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TIRE RECYCLING: Changes will see fees based on weight, rather than size

Farmers cry foul over skyrocketing fees

Kate Dubinski

By Kate Dubinski, The London Free Press

Supplied photo

Supplied photo

Farmers will be able to air their grievances about new tire recycling fees that will make costs skyrocket.

The Ontario Federation of Agriculture was to meet Monday with representatives of the Ontario Tire Stewardship program, which charges fees on suppliers of new tires to pay for recycling.

Those fees, which used to be based on size and as of April 1 will be based on weight, are passed on to the consumer.

“The fee changes bring the revenue in line with the actual cost of recycling,” said Andrew Horseman, executive director of the stewardship program.

There are ways of keeping recycling fees low, such as using tires as fuel or putting ground rubber in landfills, but legislation in Ontario prevents those methods from being used, Horseman said.

The fee change has come under fire because the increase can hike the cost of a tire anywhere from $117 to $352, up from $15 a tire.

Most tires weigh between 70 kg and 120 kg and will cost $47, up from $15, Horseman said.

“The tires that will cost more than $300 are a minority,” he said.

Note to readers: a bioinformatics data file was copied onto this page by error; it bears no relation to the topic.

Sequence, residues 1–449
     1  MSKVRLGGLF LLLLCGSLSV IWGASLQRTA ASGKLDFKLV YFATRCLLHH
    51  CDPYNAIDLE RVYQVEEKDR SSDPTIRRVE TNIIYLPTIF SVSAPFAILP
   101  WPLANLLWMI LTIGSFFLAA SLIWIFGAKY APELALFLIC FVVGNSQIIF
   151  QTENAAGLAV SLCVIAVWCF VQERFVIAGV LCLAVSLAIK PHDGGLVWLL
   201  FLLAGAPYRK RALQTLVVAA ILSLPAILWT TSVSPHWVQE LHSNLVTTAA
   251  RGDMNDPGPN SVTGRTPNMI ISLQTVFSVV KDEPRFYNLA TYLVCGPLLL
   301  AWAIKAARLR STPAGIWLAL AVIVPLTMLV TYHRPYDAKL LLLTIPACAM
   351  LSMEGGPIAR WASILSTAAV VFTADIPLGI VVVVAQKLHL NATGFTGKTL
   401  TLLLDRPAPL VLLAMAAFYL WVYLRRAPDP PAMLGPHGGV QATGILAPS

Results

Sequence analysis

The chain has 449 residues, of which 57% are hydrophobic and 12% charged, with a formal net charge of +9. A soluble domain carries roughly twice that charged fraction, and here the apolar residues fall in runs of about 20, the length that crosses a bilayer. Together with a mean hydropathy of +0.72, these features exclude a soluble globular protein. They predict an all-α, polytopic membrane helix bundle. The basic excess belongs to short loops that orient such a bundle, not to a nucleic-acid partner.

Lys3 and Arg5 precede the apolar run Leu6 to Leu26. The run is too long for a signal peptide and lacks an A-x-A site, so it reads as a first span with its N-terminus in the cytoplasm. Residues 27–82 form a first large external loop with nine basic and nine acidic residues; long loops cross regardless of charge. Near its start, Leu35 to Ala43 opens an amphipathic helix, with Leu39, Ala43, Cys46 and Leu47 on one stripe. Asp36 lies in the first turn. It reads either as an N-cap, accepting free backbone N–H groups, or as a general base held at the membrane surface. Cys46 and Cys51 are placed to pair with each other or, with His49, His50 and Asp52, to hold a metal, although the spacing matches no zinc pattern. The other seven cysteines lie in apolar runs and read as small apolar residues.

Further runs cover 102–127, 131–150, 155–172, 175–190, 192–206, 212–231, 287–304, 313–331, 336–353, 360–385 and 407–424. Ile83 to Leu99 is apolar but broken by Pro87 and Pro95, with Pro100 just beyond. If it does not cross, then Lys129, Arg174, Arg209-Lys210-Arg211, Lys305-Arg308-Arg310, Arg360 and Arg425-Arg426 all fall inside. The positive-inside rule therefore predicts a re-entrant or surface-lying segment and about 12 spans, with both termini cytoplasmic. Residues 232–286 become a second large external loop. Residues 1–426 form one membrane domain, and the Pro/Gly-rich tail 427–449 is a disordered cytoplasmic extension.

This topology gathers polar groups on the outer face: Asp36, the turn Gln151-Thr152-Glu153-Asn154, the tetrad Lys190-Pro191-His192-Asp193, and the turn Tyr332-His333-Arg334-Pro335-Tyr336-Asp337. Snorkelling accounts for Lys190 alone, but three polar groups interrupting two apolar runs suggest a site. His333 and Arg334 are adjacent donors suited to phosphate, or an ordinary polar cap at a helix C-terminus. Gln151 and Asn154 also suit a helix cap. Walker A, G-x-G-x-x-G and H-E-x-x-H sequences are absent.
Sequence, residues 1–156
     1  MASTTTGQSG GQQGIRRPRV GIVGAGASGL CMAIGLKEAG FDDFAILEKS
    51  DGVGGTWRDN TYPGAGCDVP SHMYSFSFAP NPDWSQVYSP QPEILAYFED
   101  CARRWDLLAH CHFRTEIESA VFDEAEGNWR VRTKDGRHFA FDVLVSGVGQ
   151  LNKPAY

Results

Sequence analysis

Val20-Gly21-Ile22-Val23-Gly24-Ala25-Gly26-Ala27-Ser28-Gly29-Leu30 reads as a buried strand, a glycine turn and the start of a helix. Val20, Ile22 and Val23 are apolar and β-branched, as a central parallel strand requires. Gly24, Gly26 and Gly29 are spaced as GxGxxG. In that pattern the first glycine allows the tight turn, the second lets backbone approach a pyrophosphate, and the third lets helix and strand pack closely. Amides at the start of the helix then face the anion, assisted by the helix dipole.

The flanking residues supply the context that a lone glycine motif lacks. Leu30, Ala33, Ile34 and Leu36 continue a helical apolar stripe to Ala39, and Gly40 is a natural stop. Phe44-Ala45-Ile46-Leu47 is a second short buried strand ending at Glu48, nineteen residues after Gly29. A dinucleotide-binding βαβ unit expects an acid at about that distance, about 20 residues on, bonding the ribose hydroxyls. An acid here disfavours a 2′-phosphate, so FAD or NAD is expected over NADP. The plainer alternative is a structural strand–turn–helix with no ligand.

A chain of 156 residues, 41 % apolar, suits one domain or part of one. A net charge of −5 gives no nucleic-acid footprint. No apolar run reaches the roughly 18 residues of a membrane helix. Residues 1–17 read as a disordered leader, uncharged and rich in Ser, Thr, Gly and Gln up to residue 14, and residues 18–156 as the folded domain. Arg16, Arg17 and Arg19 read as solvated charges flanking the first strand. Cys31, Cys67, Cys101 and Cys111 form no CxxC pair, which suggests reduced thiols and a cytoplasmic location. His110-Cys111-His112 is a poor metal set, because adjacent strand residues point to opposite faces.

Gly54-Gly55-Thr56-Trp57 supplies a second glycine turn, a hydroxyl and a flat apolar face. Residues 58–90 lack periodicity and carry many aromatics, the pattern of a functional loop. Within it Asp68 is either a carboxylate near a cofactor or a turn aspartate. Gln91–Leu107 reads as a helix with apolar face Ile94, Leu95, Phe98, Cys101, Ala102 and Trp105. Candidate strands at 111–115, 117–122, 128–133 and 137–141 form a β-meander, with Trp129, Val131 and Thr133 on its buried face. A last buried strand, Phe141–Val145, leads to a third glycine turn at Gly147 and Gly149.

The move has trained yet another spotlight on the Ontario government’s mishandling of rural issues, critics have charged.

The Ontario Tire Dealers Association is also fighting the move.

Horseman was hopeful Monday’s discussion would lead to a resolution.

“We’re not closed to finding a way to mitigate the impact on the end user,” he said.

“We’re not trying to ram this down anyone’s throat. We want to make sure that we have implemented these changes so they don’t disproportionally impact one group.”

The province has said it’s up to the stewardship program to set the fees. But the program is bound by legislation, Horesman said.

“Since February 2012, Ontario has been amending its used tire regulations and it specifies how we can allocate money and doesn’t give us the ability to phase in fees,” he said.

“We’re committed to coming up with a solution that might resemble a virtual phase-in. We’re willing to talk about it.”

kate.dubinski@sunmedia.ca

twitter.com/KateatLFPress

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ONTARIO RECYCLING FEES

Before: $15.29: Front tire of harvester/combine.

April 1: $352.80

Other provinces: $24 to $210, for eight John Deere 9770 combine tires.

April 1: $1,646.40: What Tories say fees on the eight tires will cost here.


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